Denials And Affirmations
"Thou shalt also decree a thing, and it shall be established unto thee."
All the good that is to be made manifest in man's life is already an accomplished fact in divine mind, and is released through man's recognition, or spoken word, so he must be careful to decree that only the Divine Idea be made manifest, for often, he decrees, through his "idle words," failure or misfortune.
It is, therefore, of the utmost importance, to word one's demands correctly, as stated in a previous chapter.
If one desires a home, friend, position or any other good thing, make the demand for the "divine selection."
For example: "In inite Spirit, open the way for my right home, my right friend, my right position. I give thanks it now manifests under grace in a perfect way."
The latter part of the statement is most important. For example: I knew a woman who demanded a thousand dollars. Her daughter was injured and they received a thousand dollars indemnity, so it did not come in a "perfect way." The demand should have been worded in this way:
"In inite Spirit, I give thanks that the one thousand dollars, which is mine by divine right, is now released, and reaches me under grace, in a perfect way."
As one grows in a inancial consciousness, he should demand that the enormous sums of money, which are his by divine right, reach him under grace, in perfect ways.
It is impossible for man to release more than he thinks is possible, for one is bound by the limited expectancies of the subconscious. He must enlarge his expectancies in order to receive in a larger way.
Man so often limits himself in his demands. For example: A student made the demand for six hundred dollars, by a certain date. He did receive it, but heard afterwards, that he came very near receiving a thousand dollars, but he was given just six hundred, as the result of his spoken word.
"They limited the Holy One of Israel." Wealth is a matter of consciousness. The French have a legend giving an example of this. A poor man was walking along a road when he met a traveler, who stopped him and said: "My good friend, I see you are poor. Take this gold nugget, sell it, and you will be rich all your days."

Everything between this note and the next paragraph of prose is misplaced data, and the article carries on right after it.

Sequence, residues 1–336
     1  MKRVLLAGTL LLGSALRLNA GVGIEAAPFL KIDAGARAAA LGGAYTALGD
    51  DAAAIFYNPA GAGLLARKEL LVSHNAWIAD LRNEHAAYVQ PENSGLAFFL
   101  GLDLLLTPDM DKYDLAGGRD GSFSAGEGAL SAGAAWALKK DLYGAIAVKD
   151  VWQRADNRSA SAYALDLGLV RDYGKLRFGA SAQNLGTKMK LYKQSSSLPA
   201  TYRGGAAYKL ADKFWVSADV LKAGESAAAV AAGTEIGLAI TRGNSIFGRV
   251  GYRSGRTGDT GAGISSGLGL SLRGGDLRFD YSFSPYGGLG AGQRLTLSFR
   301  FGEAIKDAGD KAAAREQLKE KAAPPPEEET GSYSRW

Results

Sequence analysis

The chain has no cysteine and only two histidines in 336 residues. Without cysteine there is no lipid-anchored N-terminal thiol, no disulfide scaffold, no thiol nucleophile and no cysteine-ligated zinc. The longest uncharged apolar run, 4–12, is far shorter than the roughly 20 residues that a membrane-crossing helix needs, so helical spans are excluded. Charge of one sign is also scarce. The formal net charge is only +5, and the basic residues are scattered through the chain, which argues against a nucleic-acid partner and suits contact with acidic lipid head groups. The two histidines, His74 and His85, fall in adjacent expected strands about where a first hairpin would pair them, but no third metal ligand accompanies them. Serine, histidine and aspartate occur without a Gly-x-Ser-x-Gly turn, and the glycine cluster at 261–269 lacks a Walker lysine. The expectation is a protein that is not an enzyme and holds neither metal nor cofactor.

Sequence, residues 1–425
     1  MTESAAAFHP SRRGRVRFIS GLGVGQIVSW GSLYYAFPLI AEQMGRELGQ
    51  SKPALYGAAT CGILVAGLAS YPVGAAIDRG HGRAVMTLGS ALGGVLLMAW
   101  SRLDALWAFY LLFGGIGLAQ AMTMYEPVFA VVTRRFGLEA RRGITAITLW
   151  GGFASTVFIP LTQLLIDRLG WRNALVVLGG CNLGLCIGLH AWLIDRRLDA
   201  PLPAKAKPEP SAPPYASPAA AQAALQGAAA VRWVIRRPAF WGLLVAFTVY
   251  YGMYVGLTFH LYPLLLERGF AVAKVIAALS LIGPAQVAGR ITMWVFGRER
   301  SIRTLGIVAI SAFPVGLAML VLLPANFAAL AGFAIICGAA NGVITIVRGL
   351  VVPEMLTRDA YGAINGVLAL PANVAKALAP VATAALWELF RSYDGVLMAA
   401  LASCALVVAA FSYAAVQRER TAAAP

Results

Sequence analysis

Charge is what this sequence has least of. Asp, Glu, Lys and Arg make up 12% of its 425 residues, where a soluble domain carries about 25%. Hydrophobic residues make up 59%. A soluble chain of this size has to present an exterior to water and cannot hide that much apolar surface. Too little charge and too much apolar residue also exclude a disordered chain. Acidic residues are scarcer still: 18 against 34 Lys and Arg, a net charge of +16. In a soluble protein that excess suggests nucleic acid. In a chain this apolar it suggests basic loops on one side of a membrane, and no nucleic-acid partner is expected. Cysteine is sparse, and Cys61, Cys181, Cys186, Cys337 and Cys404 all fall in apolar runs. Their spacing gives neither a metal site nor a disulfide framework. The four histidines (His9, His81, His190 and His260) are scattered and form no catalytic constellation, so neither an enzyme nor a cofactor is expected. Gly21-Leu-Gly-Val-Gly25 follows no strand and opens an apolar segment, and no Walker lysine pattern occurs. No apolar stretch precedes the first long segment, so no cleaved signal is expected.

The man was overjoyed at his good fortune, and took the nugget home. He immediately found work and became so prosperous that he did not sell the nugget. Years passed, and he became a very rich man. One day he met a poor man on the road. He stopped him and said: "My good
friend, I will give you this gold nugget, which, if you sell, will make you rich for life." The mendicant took the nugget, had it valued, and found it was only brass. So we see, the irst man became rich through feeling rich, thinking the nugget was gold.
Every man has within himself a gold nugget; it is his consciousness of gold, of opulence, which brings riches into his life. In making his demands, man begins at his journey's end, that is, he declares he has already received. "Before ye call I shall answer."
Continually af irming establishes the belief in the subconscious.
It would not be necessary to make an af irmation more than once if one had perfect faith! One should not plead or supplicate, but give thanks repeatedly, that he has received.
"The desert shall rejoice and blossom as the rose." This rejoicing which is yet in the desert (state of consciousness) opens the way for release.
The Lord's Prayer is in the form of command and demand, "Give us this day our daily bread, and forgive us our debts as we forgive our debtors," and ends in praise, "For thine is the Kingdom and the Power and the Glory, forever. Amen." "Concerning the works of my hands, command ye me." So prayer is command and demand, praise and thanksgiving. The student's work is in making himself believe that "with God all things are possible."
This is easy enough to state in the abstract, but a little more dif icult when confronted with a problem. For example: It was necessary for a woman to demonstrate a large sum of money within a stated time. She knew she must do something to get a realization (for realization is manifestation), and she demanded a "lead."